RNA sequencing reveals in detail how insulin resistance can lead to insufficient breast milk production. The study, led by Laurie Nommsen-Rivers, PhD, at Cincinnati Children’s and scientists at the University of California Davis, was published in July 5, 2013, in PLOS ONE. The findings suggest a potential biomarker to predict which women may have difficulty breastfeeding. Read More. 

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    Drug reduces seizures

    Everolimus can dramatically reduce seizures in patients with tuberous sclerosis complex (TSC), according to a study posted online June 24, 2013, in Annals of Neurology. The study was led by Darcy Krueger, MD, PhD, at Cincinnati Children’s in collaboration with a team at Texas Children’s Hospital. Read More.

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    New target for treating MDS

    Scientists at Cincinnati Children’s have successfully targeted a malfunctioning immune system enzyme to kill diseased cells from patients with myelodysplastic syndrome (MDS). The study, led by Daniel Starczynowski, PhD was published July 8, 2013, in Cancer Cell. Read More.

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    Traffic pollution and ADHD

    In a study published May 21, 2013 in Environmental Health Perspectives, a team led by Nicholas Newman, DO, MS, director of the Pediatric Environmental Health and Lead Clinic at Cincinnati Children’s, reported that children exposed to high levels of traffic-related air pollution (TRAP) during their first year of life were more likely to have “at risk” scores for hyperactivity by age 7. Read More.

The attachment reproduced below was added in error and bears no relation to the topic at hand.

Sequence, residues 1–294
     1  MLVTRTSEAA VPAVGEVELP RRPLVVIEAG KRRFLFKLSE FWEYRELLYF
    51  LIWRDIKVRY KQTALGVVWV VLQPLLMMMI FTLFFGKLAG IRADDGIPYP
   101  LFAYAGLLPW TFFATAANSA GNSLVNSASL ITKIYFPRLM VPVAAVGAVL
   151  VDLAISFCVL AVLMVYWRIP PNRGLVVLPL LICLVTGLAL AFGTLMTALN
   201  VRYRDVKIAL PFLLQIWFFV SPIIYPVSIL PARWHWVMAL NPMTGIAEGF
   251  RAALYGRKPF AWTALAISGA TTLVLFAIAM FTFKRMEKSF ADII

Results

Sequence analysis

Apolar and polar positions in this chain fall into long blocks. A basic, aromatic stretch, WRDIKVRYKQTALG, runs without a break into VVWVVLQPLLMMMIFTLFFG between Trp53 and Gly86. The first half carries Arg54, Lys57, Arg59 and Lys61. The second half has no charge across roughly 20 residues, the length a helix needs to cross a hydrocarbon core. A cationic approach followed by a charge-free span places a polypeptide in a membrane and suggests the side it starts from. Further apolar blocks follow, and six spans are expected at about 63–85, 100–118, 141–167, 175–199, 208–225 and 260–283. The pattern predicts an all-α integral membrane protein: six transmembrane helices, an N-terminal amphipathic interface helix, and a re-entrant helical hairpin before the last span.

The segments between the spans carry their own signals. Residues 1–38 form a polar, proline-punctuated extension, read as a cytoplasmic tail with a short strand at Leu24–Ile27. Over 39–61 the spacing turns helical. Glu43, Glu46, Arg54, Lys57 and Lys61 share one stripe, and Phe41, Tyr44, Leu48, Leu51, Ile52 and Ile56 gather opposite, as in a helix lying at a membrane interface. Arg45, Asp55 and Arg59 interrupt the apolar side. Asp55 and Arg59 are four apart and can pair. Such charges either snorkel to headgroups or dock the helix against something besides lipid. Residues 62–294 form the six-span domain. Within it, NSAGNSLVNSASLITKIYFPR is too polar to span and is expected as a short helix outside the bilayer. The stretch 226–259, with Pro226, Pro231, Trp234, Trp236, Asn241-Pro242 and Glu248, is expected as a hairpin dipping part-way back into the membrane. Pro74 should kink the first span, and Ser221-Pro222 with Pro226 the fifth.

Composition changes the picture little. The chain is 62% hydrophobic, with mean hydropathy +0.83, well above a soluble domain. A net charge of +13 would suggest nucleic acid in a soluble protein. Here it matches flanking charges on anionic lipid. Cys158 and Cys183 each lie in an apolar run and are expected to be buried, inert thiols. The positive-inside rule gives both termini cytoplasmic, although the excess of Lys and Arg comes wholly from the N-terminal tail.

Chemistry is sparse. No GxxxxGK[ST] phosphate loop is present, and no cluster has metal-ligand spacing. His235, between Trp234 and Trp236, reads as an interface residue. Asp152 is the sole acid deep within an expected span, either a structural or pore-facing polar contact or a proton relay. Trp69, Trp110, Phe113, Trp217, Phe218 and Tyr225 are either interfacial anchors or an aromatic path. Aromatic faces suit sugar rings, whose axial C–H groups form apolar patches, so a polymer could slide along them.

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    Medical device risks

    The same modern medical devices that have helped extend and enhance life for so many children also can cause complications that have not been well-understood, according to a study led by Patrick Brady, MD, MSc, a physician in the Division of Hospital Medicine. Findings were posted online June 7, 2013, in the Journal of Hospital Medicine. Read More.

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    Anesthesia and the brain

    Beyond the known effects that surgical anesthesia can have on the developing brains of young children, new findings posted June 5 the Annals of Neurology suggest the threat may also apply to adult brains. The study was led by Andreas Loepke, MD, PhD, a physician and researcher in the Department of Anesthesiology. Read More.

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    14 more JIA genes
    An international team of researchers led by Cincinnati Children’s has confirmed 14 more genes linked to juvenile idiopathic arthritis (JIA), bringing the total to 17. The study involved patient DNA samples from across the United States, Germany and United Kingdom, says Susan Thompson, PhD, a researcher in the Division of Rheumatology who was a leader in the project. Findings were published April 21, 2013, in Nature Genetics. Read More.